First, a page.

Skip to comments.Longest Cable Bridge in U.S. Dedicated
Posted on 07/16/2005 5:42:49 PM PDT by SmithL
Charleston, S.C. -- Hundreds of people filled an eight-lane highway in place of cars and trucks Saturday to dedicate the $632 million Ravenel Bridge over the Cooper River, the longest cable-stayed span in North America.
"We have created not only a bridge, but a thing of beauty," said Arthur Ravenel Jr., the former state senator and U.S. congressman for whom the span is named.
The bridge's 1,546-foot main span is supported by cables stretching down from the tops of a pair of diamond-shaped, 570-foot-tall towers. Unlike suspension spans such as San Francisco's Golden Gate, where the deck is suspended beneath two hefty main cables that connect the towers in a lengthy curve, the Ravenel cables extend directly from the towers to the deck.
"It's a wonderful, beautiful structure," Ravenel told the crowd of at least 1,500 people.
The eight-lane bridge, which took four years to build, carries U.S. 17 between Charleston and Mount Pleasant, along with pedestrian and bicycle lanes. The main span is about 200 feet above the water and will allow larger cargo ships to enter the port. Construction began four years ago, and the bridge was finished about a year ahead of schedule.
(Excerpt) Read more at sfgate.com ...
The Robert Byrd Memorial ... Oh, wait! Wrong state!
Our Big Mac has never gotten the recognition it deserved. It had the unfortunate fate of being built in a sparsely populated area of northern Michigan.
It was the worlds longest single span suspension bridge at just over 5 miles including approaches until two longer bridges of the same type were completed in Japan in about 95.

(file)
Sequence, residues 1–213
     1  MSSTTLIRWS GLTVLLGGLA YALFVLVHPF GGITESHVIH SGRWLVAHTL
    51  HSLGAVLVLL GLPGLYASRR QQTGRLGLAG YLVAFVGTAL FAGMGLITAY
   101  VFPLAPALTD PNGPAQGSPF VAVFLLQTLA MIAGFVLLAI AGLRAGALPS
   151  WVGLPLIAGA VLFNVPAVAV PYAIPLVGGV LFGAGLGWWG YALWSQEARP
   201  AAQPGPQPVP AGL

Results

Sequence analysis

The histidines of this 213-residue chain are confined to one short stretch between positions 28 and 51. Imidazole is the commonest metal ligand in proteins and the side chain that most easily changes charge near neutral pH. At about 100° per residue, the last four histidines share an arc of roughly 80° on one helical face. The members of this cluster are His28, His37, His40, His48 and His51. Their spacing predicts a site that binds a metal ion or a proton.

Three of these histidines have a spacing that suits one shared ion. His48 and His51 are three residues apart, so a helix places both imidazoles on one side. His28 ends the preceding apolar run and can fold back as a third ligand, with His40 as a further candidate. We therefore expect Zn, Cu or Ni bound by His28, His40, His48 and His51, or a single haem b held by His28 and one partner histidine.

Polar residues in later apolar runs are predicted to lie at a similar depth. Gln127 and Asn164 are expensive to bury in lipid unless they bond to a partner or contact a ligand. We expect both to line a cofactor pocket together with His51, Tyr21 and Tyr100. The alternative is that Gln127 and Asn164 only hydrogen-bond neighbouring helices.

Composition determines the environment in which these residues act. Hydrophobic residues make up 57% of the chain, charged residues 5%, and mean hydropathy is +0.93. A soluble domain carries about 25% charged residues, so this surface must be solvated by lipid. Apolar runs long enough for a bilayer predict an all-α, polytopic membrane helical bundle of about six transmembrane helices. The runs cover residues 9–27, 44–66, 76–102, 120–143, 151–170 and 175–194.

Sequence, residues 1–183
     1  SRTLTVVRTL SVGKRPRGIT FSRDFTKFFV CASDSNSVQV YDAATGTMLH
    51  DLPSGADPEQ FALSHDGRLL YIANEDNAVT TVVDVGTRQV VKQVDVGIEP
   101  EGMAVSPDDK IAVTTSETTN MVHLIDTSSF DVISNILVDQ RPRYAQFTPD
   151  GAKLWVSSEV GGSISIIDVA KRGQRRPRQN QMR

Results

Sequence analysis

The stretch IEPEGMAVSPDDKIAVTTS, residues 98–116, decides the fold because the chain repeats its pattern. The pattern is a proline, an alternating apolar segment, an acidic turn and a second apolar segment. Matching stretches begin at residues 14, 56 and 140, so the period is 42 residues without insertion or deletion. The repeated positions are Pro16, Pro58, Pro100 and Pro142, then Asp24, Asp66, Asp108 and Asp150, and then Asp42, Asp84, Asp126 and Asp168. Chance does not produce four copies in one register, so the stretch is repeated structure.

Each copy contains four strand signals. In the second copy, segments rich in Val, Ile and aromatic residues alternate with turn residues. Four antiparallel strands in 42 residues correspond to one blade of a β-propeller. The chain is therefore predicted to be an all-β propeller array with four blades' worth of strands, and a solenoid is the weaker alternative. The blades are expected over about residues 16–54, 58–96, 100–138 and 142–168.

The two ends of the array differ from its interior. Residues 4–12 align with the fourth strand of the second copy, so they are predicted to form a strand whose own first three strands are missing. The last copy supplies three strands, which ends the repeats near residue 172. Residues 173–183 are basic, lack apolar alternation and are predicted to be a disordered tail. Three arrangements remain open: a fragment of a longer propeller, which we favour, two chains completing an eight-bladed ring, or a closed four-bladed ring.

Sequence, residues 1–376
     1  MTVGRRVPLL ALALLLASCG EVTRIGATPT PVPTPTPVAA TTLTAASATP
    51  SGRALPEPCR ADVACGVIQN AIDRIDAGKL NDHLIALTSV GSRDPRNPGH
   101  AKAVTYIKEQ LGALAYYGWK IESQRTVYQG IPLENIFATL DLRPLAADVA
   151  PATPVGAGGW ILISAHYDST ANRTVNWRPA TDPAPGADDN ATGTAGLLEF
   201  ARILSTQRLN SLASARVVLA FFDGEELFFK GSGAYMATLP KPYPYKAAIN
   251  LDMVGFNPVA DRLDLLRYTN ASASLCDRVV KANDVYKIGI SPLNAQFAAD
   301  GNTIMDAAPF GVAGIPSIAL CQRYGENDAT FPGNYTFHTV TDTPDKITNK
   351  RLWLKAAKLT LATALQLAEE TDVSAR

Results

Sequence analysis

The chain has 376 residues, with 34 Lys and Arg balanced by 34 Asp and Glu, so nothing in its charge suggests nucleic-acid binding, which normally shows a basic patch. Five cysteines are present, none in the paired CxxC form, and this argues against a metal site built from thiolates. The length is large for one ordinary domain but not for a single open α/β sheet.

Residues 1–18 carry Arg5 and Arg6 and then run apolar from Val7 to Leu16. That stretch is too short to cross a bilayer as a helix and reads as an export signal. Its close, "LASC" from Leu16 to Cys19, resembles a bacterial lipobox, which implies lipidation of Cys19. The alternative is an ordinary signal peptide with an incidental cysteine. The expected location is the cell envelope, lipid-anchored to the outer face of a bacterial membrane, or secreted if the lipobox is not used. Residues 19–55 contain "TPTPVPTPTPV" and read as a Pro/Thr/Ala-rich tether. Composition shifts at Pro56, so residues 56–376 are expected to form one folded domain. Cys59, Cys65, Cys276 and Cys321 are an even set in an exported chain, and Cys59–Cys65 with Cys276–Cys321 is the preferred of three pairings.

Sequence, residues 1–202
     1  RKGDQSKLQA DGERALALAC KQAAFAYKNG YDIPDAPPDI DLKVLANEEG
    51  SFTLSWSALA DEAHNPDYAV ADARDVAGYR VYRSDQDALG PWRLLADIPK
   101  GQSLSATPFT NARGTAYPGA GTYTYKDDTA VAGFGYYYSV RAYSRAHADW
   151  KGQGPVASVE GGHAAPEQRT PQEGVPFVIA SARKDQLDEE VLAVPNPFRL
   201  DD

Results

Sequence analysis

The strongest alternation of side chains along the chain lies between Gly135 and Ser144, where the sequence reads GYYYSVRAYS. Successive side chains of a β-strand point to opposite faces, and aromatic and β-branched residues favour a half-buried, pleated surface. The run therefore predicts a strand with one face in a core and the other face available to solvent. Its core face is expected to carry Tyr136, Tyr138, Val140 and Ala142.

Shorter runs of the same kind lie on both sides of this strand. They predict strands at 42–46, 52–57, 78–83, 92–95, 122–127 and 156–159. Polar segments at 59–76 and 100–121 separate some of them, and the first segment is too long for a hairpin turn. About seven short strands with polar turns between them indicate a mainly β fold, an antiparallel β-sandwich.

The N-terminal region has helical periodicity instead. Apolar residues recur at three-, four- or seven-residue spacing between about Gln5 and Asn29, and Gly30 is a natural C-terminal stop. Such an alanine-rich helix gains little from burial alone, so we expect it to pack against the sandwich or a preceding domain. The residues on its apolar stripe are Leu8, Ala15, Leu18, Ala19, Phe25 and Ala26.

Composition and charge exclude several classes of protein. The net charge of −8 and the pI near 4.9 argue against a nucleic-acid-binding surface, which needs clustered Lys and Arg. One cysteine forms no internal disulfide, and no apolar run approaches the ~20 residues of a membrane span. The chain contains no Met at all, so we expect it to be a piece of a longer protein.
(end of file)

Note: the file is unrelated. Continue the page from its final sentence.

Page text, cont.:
It's a true engeneering marvel and I get a thrill everytime I cross it.
Always a smartass!! LOL
I'm outside of Columbia, and I sure wish I could've been down there Thursday night for the fireworks show. At the conclusion of the fireworks show, they turned on the lights on the bridge for the first time. I can't wait to see the bridge, because I'm sure the pictures just don't do it justice.
Th' Chah'st'n skyline jus' won't be da same widdout th' ol' Coopah Rivah bridges stickin' up der!
Go here: http://www.abcnews4.com/news/stories/0705/240966.html for an article about the bridge and check out the pic they used. LOL
It'd be cool to ride across, methinks.
I've ridden across the Golden Gate several times, but have been too busy watching out for homicidal cagers to enjoy the view.
My wife is from Charleston and I always hated driving over the "old" Cooper River bridge. It always struck as an exceptional rickity old thing...of course I grew up in the desert in Arizona so driving over large bodies of deep water was a pretty alien concept to me!
Is English your second language? or are you a tourist.
Put your ass on a motorcycle in traffic sometime, chump. You'll catch on.
I've always loved jogging across the Golden Gate Bridge. It's about three miles, round trip. Maybe all you Charleston people will be taking in a fabulous view while you exercize. Maybe I'll join you.
" I always hated driving over the "old" Cooper River bridge. It always struck as an exceptional rickity old thing..."
Been to Charleston many times and crossed the "old" bridge everytime we go. Like you, the Cooper river bridge gave me the willies. May drive down next weekend and check it out.
I love the Big Mac too! We go across it 2-3 times a year when vacationing "Up North". It's a thrill every time we go. We also can't wait to go over the new Cooper River bridge next time we're down in the Charleston area. It looks very cool as well.
And of course, you hold your feet up the whole way across, right? :)
Kinda freaky the first time you cross. It's center lanes are steel grates and when you drive on them you can look down and see the water underneath.....way underneath.
Which is why one only drives in the center lanes if the outer lanes are closed! The view's a little smaller, but ever since that Yugo went over the side....
The cable bridge (below) where I live in Tri-Cities, Washington, was built around 1979. They are very intriguing structures because they appear so different looking depending on where you are viewing them from. Sometimes those cables appear to be circular as if you were looking at a TeePee.
Who knows how many other subcompacts have disappeared into the drink.